Thank you all for your wonderful responses! Yay, now I have a few titles to look for at the bookstore :0) I can't wait to try some of those recipes...I'll let you know how it goes!
I too believe that it's very important to expose our child to more than just the symbolic food, costumes and holidays by getting involved in local Filipino culture. I think that it's vital in the forming of the identity of our child. After all, our child is, and will always be, Filipino. That's part of who he or she is! I want him or her to know what that means, what it entails and to be proud of this. Reading Emilie's comment on cultural integration, it really resonates with me. Deep down, this is what I truly hope for! All the books that I've read so far on international adoption express this exact same idea of exposing the child to various cultures (in particular the culture of the child's country of birth) as being what's best for identity formation and bonding. I think when we're talking about inter-racial adoption, this becomes even more important. I'm still not quite sure how to get involved in local Filipino culture, but I think I just have to be on the lookout for cultural activities locally...and be open and receptive to different opportunities that present themselves. Actually, such an opportunity presented itself just this weekend! A close friend of mine, M, mentioned that she might be able to put us in touch with some people she knows. Her step-mother's brother is married to a Filipino lady. They will be in town this summer, and we are trying to arrange something so that we can meet them! My husband and I are really looking forward to this, and we hope it works out. M forwarded my last posting concerning Filipino recipes to them, and they responded that Filipino cooking involves rice, rice, and more rice :0) I thought that was cute (and undoubtedly very true, like most Asian cooking!) They also graciously forwarded the following link, which I thought I would share with you: http://en.wikipedia.org/wiki/Cuisine_of_the_Philippines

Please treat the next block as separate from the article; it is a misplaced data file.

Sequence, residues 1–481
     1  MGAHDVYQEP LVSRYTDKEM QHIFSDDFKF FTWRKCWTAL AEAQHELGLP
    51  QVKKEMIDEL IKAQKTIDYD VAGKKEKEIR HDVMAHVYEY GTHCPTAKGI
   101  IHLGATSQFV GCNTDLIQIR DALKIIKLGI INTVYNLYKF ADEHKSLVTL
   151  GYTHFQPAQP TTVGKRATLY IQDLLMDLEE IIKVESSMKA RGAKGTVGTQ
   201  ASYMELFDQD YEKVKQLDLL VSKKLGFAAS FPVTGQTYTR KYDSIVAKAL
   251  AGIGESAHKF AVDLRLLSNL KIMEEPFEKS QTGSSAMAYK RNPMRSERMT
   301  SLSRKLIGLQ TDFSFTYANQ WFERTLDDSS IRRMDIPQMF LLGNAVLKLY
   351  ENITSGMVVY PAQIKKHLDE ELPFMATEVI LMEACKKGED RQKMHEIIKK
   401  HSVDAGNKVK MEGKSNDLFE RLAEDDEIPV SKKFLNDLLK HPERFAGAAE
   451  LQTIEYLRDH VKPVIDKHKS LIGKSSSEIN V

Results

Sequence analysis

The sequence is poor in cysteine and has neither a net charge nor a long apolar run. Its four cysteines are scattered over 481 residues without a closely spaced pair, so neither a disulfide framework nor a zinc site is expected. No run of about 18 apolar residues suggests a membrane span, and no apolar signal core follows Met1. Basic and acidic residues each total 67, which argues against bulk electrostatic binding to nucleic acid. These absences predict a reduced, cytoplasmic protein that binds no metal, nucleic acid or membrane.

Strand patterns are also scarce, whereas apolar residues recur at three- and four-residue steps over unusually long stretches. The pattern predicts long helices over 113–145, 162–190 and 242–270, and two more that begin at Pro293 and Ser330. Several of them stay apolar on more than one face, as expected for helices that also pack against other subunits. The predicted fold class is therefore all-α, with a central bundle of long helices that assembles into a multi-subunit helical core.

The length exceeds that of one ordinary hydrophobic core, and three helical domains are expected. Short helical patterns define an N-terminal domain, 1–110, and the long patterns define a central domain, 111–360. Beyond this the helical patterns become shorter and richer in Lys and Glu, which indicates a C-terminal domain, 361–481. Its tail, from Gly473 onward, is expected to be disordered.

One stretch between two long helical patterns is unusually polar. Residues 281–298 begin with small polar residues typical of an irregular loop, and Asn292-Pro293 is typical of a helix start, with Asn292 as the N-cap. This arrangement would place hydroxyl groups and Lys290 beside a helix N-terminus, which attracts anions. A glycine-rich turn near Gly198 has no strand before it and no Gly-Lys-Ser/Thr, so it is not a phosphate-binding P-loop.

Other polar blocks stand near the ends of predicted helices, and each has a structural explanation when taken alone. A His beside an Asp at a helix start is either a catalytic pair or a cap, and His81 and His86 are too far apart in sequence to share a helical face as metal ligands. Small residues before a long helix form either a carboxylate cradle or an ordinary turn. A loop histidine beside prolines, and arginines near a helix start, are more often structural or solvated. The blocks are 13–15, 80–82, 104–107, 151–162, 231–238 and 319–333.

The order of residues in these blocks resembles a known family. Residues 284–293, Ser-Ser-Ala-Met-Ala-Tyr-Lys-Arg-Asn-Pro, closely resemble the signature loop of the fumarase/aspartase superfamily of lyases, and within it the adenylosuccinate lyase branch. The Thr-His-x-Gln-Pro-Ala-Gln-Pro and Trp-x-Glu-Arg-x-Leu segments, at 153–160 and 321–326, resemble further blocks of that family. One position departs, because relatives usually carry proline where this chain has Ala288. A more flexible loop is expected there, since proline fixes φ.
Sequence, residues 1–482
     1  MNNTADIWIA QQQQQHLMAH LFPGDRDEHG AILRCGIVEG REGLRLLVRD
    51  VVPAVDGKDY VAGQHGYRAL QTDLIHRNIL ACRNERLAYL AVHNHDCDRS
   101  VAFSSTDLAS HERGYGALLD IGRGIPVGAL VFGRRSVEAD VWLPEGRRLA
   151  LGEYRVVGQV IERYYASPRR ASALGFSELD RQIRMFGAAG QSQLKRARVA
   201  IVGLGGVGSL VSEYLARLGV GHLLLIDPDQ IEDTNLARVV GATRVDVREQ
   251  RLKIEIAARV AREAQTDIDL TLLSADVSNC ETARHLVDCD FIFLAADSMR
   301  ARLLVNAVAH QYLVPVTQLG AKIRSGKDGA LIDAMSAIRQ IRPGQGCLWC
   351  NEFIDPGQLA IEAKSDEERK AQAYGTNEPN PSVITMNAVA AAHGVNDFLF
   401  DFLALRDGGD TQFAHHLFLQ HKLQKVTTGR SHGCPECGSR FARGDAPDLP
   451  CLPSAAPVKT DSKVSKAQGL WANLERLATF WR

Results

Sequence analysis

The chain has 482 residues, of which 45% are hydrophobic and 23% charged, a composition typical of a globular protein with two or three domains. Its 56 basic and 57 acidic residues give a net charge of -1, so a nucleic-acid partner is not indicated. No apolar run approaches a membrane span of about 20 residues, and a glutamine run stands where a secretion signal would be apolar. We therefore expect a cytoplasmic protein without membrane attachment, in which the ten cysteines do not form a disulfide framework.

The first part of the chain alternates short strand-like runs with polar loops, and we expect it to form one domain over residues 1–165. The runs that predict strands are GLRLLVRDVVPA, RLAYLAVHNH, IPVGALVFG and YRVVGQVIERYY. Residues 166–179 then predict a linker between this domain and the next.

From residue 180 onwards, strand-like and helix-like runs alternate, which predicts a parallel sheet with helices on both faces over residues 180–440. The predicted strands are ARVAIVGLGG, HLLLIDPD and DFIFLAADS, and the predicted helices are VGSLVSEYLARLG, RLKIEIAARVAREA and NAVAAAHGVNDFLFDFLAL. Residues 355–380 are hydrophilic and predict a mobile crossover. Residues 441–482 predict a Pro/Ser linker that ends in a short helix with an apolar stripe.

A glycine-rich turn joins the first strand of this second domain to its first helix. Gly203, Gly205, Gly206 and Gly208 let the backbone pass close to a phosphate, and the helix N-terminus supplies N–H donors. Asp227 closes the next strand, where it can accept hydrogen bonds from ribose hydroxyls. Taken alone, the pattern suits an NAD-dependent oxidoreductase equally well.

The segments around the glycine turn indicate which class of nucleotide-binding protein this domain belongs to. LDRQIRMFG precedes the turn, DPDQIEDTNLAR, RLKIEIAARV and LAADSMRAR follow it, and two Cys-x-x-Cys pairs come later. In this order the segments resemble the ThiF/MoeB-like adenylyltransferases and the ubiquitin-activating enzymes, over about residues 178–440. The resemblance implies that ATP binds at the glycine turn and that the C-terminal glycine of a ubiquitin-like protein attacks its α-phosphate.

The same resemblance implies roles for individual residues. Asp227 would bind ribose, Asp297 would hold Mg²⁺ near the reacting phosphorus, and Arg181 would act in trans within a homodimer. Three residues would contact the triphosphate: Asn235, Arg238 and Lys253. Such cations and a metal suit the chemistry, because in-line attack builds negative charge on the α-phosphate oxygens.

It's a great link describing the staple Filipino foods and also has some traditional recipes from the Philippines.
On a side note: now I'm really glad that we've got a rice steamer! It makes the best rice, and it's sooo simple to use! I don't like machines, but this one's really basic and user friendly, and the rice comes out perfect each time! As for the McDonald's...I was just talking about this with my sister in law C, whose family is from China and who has travelled to Asia a few times. We were talking about some of the different delicatessens and the different dishes that they eat over there. In most of Asia (other than the rice, which we've already covered!) they also generally like to eat ALL parts of the animal. My brother and I joked that there's always a McDonald's, if worse comes to worse! You can find that almost anywhere. She said: you guys laugh, but the best McDonald's I ever had was actually in Japan! It actually tastes different in different countries. Although I've never been to Asia, I have to agree that the McDonald's I've eaten in Europe did taste different! And my husband's take on all of this? Hey, I am not travelling all the way to the Philippines to eat McDonald's!! Raph has always had a strong stomach and isn't a picky eater at all, so I'm sure he'll be fine. Still, something tells me that we won't feel much like trying different restaurants in the Philippines with our little one in tow...honestly, I imagine we'll probably be spending most of our time in the hotel room, ordering in room service (if possible!) and just getting to know each other. I guess we'll just have to wait and see how things go when our turn comes :0)
On a different note, I thought that I would include a picture of some tulips, for the month of May! It's tulip season in Ottawa :0) Each year, the Dutch royal family donates tulips to Ottawa to thank them for having taken in the Queen of Holland during the second world war.
Vezi cat de usor e sa scapi de problema rozatoarelor
6 months ago